Scientist in Iran trade case spared more jail time
NEW YORK (AP) — An Ivy League-trained scientist whose conviction for violating the Iran trade embargo was tossed out last year won't have to serve any more jail time after a judge said Tuesday that he didn't want to compound the punishment the man had already endured.
U.S. District Judge Paul Engelmayer said Mahmoud Reza Banki deserved no prison time for making false statements, since he had already served nearly two years in prison after he was sentenced on more serious charges that were thrown out in October by the 2nd U.S. Circuit Court of Appeals in Manhattan. The judge called him a "talented man, even brilliant."
Banki, speaking just before Engelmayer announced his decision, said he had lived through "the darkest hours" while in prison.
"I watched my life pass me by. Those days will never be replaced," he said.
Banki, 36, of Los Angeles, said he could barely speak English when he came to the United States to attend Purdue University and the University of California at Berkeley before getting a doctorate in chemical engineering from Princeton University. He worked for a management consulting firm, McKinsey & Co., before he was charged with violating the Iran trade embargo, initiated in 1995 to prohibit U.S. citizens from supplying goods, services or technology to Iran or its government.
He had served 21 months of a 2 1/2-year sentence he received in June 2010 before the appeals court overturned his conviction, leaving in place only false statement charges that would carry a likely sentence of up to six months in prison.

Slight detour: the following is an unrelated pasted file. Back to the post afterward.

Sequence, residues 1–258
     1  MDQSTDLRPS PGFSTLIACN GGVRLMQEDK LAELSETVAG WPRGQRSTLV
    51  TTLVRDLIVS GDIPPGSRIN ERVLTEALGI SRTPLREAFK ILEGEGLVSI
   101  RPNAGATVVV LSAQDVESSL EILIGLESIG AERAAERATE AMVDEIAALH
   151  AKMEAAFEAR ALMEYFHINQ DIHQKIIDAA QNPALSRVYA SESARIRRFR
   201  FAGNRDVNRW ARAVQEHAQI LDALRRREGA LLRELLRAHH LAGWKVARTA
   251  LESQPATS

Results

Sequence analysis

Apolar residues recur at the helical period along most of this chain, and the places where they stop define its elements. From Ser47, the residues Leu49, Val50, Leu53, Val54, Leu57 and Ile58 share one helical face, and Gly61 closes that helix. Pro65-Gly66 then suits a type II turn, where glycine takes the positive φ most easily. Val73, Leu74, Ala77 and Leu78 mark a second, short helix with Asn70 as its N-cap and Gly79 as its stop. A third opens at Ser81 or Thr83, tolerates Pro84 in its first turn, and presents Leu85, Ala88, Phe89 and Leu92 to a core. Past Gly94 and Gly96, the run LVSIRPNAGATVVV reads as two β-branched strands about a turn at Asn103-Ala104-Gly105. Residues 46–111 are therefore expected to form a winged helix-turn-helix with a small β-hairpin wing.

Banki said he had already experienced the difficulties of searching for work after a conviction when an interview that was going well at a California school "was a complete disaster" after he explained where he had been the last two years.
He asked Engelmayer to help reduce the "stain and stigma" of his prison time.
Assistant U.S. Attorney Danya Perry defended the prosecution, saying Banki's family had significant business interests in Iran when it was improper to do so. She said it was "not a case of martyrdom."
At trial, defense lawyers had argued that Banki only knew that he was receiving money from relatives in Iran when $3.4 million was deposited in his bank account. The government said he used some of the money to buy a $2.4 million Manhattan condominium and to make payments on his credit charges.
As part of a settlement of the case, Banki agreed to forfeit $710,000.